Sturgeon: 1 June return does not apply in Scotland

PM's announcement that many pupils could return to school on 1 June does not apply in Scotland, underline first minister and deputy

Henry Hepburn

Sturgeon: 1 June return does not apply in Scotland

Scotland's first minister and her deputy have both underlined that Boris Johnson's announcement last night about many pupils returning to school at the start of June does not apply to Scotland.

The prime minister indicated that, in England, pupils near the start of primary school and also those in their final year of primary could return on 1 June in the face of fierce opposition from teaching unions.

However, John Swinney, who is both education secretary and deputy first minister in Scotland, tweeted late last night: "Just for absolute clarity, nothing the Prime Minister said tonight affects when schools return in Scotland."


Boris Johnson on schools: Prime minister announces return for large numbers of primary pupils

Schools in England: Teachers give school reopening plans a resounding 'no'

John Swinney at education committee: What we learned


Earlier in the day, during her daily briefing, first minister Nicola Sturgeon said the only change to lockdown that the Scottish government judged it safe to make at the moment was, from today, to allow people out to exercise more often.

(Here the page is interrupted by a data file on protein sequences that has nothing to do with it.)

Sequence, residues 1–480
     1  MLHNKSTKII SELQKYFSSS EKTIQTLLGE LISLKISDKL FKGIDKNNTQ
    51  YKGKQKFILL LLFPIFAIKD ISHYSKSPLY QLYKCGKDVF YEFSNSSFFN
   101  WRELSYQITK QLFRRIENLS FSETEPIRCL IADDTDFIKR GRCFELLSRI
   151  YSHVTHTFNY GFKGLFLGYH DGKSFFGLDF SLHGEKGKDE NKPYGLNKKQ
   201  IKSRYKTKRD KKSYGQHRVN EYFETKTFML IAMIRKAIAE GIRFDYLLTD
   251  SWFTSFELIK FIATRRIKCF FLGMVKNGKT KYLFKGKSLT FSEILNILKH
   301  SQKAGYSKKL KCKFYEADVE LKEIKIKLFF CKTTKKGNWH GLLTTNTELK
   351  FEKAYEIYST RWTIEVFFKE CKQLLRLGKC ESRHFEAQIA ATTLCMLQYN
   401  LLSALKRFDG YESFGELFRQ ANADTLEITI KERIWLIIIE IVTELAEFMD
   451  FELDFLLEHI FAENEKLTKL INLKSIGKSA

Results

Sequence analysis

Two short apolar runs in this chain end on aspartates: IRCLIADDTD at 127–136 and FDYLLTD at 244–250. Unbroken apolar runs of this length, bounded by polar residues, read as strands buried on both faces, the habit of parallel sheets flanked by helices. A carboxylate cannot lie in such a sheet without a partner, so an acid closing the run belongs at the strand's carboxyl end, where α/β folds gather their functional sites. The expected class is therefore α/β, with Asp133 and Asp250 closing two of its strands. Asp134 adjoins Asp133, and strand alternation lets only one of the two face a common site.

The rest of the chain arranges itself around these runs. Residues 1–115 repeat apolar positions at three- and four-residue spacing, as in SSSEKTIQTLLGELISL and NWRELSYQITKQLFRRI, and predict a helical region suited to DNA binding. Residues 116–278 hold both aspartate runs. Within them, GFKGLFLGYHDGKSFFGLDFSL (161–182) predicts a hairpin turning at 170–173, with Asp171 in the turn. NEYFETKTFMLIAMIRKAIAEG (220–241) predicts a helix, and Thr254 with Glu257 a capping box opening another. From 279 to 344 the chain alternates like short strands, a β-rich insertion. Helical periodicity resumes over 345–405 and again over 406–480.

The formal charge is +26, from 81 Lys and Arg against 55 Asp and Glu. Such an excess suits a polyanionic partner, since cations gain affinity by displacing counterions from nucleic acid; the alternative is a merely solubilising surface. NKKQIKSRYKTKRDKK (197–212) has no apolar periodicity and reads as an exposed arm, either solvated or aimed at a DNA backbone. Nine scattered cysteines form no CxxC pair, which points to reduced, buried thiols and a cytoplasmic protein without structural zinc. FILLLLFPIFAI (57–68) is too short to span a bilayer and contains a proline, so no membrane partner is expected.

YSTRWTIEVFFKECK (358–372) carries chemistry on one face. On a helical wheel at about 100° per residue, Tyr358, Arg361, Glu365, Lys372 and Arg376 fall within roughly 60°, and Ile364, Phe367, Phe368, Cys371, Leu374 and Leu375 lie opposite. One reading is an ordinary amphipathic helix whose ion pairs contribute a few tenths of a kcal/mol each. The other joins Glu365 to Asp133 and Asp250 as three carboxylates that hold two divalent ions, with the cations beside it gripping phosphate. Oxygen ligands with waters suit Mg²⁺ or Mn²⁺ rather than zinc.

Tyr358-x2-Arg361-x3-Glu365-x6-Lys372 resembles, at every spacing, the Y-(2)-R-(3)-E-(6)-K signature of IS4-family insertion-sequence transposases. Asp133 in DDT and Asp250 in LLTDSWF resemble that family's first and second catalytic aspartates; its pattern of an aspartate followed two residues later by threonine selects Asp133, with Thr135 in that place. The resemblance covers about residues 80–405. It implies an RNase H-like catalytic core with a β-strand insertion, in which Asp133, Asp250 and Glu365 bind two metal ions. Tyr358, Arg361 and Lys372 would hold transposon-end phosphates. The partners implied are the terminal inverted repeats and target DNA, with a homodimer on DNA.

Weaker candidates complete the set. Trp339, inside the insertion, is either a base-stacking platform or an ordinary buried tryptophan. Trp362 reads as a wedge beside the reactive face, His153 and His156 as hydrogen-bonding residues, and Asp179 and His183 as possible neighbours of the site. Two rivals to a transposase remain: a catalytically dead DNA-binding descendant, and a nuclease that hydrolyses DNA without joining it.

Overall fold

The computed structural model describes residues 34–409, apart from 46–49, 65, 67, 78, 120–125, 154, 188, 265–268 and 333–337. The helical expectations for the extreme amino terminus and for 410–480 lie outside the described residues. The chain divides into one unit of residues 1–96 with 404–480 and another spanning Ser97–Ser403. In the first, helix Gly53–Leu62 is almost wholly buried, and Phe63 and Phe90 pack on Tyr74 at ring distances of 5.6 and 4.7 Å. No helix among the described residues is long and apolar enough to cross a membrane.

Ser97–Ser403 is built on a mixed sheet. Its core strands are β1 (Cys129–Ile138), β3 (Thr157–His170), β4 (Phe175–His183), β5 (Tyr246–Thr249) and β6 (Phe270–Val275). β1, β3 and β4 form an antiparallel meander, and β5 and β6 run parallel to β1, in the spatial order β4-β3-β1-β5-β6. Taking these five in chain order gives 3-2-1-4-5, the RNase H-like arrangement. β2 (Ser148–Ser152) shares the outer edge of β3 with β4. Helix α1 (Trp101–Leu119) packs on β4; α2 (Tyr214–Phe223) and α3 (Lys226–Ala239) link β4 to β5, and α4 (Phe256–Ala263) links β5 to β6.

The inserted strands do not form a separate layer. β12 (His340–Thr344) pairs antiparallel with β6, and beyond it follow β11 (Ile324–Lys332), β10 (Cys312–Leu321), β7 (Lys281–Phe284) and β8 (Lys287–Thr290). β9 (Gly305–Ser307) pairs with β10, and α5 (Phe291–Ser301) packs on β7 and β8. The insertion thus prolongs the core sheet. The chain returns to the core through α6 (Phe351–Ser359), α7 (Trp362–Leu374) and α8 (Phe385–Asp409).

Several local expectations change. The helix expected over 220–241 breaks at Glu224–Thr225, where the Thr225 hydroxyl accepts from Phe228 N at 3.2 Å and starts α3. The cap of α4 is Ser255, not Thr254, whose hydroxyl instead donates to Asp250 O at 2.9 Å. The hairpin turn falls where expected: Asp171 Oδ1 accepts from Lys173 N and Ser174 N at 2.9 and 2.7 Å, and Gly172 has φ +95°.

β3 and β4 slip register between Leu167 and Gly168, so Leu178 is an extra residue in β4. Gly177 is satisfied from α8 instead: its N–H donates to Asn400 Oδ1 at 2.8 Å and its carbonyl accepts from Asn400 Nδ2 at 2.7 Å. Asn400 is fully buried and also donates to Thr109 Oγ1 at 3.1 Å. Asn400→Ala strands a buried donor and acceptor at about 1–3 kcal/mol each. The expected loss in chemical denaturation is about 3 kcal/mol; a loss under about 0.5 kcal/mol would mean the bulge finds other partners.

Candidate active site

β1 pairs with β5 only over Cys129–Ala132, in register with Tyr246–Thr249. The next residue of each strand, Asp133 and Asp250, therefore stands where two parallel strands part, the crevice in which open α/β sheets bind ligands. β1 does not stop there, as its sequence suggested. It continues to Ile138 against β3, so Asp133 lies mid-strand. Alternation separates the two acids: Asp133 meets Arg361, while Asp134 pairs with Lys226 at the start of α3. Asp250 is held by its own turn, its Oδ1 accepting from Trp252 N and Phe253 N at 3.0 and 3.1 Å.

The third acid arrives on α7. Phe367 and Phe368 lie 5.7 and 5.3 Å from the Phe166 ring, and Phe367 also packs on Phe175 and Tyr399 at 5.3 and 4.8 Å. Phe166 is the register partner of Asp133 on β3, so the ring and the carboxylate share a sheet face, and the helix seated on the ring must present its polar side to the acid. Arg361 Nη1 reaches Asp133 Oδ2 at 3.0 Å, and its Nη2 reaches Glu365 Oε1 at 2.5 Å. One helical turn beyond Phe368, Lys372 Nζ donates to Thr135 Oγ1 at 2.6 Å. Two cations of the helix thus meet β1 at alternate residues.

She said: "We are not yet changing who can or should be at school." Ms Sturgeon also said: "I do not expect that schools in Scotland will return as early as 1 June."

Schools in Scotland start their summer holidays several weeks earlier than in England, and traditionally begin each new school year in mid to late August, not September.

One idea the Scottish government has explored is whether the school holidays could start earlier this year, with the knock-on effect that the 2020-21 school year could start in early August.

Ms Sturgeon, addressing lockdown more generally during her briefing yesterday, said that "the lockdown in Scotland remains in place", and that "we must be very cautious and very careful about where we proceed to from here".

She added: "We mustn't squander our progress by easing up too soon, or by sending mixed messages that result in people thinking that it's OK to ease up now.

"Let me be very blunt about the consequences if we were to do that: people will die unnecessarily."

Register to continue reading for free

It only takes a moment and you'll get access to more news, plus courses, jobs and teaching resources tailored to you

Henry Hepburn

Henry Hepburn

Henry Hepburn is the news editor for Tes Scotland

Find me on Twitter @Henry_Hepburn

Latest stories